HPA Launches Positive Fandom Project

HPA Positive Fandom

The internet can be a wonderful place to reside. The communities are engaging, the content inspiring and the weather is always perfect. However, it can also be a terrible pit of despair and nasty comments. We don’t always treat our fellow internet citizens with the respect they deserve and when it comes to fandom, this can be especially heartbreaking. The Harry Potter Alliance wants to do its best to change this.

Earlier this week, the HPA launched “Positive Fandom,” a project aimed at creating a safer, kinder internet. A few months ago, the organization sent out a survey asking subscribers about their experiences with fandom and what they believe could be done to make the internet a safer space. One of the overwhelming responses they got expressed the need for a list of community guidelines. After much deliberation, the team emailed its fans back with a link to a Google Document with a draft of what they had come up with. But they weren’t done yet.

Because we believe that everyone in the community should have a say in how it’s led, we want to open up the editing process to you, too,” The HPA said in a recent email. Those interested in contributing to the guidelines can visit the link and collaboratively help with the list until June 25. After reviewing the community’s comments and edits to the guidelines, the HPA will release a finalized version sometime in early July. “From there, you can sign on to agree to, follow and uphold these guidelines as well as participate in activities throughout the summer that revolve around celebrating and improving our fandom community.”

While there will always be trolls out there, this initiative marks a great first step in fandom positivity, something the HPA feels very strongly about. If you want to make the internet a more positive place, visit the link above and submit your ideas. It’s only together that we can make the web a better place.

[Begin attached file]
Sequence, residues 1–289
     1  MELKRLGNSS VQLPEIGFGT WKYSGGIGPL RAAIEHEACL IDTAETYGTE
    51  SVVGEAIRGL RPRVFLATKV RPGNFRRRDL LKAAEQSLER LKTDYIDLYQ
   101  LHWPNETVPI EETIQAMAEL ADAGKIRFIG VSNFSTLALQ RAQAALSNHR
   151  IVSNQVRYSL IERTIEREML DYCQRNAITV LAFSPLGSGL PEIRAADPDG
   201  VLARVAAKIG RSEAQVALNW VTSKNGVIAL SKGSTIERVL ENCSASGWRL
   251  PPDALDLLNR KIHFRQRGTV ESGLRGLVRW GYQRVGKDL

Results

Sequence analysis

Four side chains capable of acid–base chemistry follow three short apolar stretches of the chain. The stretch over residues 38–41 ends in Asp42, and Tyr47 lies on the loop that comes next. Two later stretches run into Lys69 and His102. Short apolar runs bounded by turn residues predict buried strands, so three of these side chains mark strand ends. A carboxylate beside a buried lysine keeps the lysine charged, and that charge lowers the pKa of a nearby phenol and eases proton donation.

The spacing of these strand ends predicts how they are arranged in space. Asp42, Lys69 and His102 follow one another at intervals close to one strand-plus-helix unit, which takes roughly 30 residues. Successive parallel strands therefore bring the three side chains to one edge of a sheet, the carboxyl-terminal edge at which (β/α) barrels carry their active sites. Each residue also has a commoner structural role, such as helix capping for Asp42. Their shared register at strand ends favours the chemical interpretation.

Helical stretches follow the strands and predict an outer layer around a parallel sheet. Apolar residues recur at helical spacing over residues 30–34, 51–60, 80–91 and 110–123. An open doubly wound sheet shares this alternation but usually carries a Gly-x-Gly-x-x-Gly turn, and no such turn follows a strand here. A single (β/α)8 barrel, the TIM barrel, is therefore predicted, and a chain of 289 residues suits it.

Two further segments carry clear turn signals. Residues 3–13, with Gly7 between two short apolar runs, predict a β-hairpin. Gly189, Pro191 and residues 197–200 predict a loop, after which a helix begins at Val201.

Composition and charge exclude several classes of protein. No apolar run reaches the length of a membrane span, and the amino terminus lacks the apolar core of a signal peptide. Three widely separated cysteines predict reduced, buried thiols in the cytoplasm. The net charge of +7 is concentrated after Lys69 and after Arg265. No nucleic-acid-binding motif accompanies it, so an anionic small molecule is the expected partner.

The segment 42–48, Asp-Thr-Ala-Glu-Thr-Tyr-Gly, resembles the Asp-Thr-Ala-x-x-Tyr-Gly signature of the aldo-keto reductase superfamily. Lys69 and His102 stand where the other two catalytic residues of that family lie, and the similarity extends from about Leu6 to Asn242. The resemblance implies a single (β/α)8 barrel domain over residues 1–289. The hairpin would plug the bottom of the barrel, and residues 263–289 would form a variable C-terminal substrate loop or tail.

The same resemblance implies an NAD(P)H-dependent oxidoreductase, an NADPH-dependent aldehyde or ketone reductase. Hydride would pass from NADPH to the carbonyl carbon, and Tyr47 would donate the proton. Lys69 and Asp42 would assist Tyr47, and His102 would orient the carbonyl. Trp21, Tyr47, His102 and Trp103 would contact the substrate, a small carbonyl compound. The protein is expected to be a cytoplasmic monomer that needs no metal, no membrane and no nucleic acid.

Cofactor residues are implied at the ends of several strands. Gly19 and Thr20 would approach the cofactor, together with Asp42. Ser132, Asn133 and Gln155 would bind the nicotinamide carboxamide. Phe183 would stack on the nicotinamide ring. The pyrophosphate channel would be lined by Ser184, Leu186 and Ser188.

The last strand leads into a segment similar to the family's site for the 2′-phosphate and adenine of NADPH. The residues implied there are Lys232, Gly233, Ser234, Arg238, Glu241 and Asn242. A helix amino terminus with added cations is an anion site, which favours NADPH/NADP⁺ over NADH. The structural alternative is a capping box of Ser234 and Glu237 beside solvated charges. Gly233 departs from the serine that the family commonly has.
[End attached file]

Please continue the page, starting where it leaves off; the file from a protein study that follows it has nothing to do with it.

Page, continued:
Graphic by The Harry Potter Alliance.

Community Review – “Emotional Consequences of Broadcast Television” S6E13

How do you even write about the final episode of the sixth season? Being the show that it is, every season after its second was assumed to be its last. In an almost emotionally-debilitating way, this show has given its fans more closure in its finales than you get from probably any other show, and more than we’ll ever get from Firefly (unless you read the comics. What are you doing if you don’t read the comics?), Carnivale, and Wonderfalls – just to name a few of my favorites. I mean, if you’re reading this, I don’t have to tell you what it’s like being a fan of this show and the kind of emotional toll it exacts in a way few other shows do.

But there is hope. If you listen to Harmontown (WHY AREN’T YOU LISTENING TO HARMONTOWN? HUH? ADRIAN?), or the final words of this episode’s ending gag, Yahoo! freakin’ loves Community. It gets huge views, and it’s doing for Yahoo! what it never seemed to be able to do for itself once Google appeared – primarily name recognition and a sense of loyalty. One of the Yahoo! producers recently said that they aren’t eager to let go of Community any time soon. Plus, how about that ending card?

I know I’ve gotta actually start this review, but where to start? I mean, did you see that?

Pros:

Dean-Nouncements:This is one of my favorite gags from older seasons that seemed to have mostly vanished as the show got more abstract and experimental. But as a season finale set piece, it’s an amazingly smart piece of callback from earlier seasons to automatically generate a sense of nostalgia.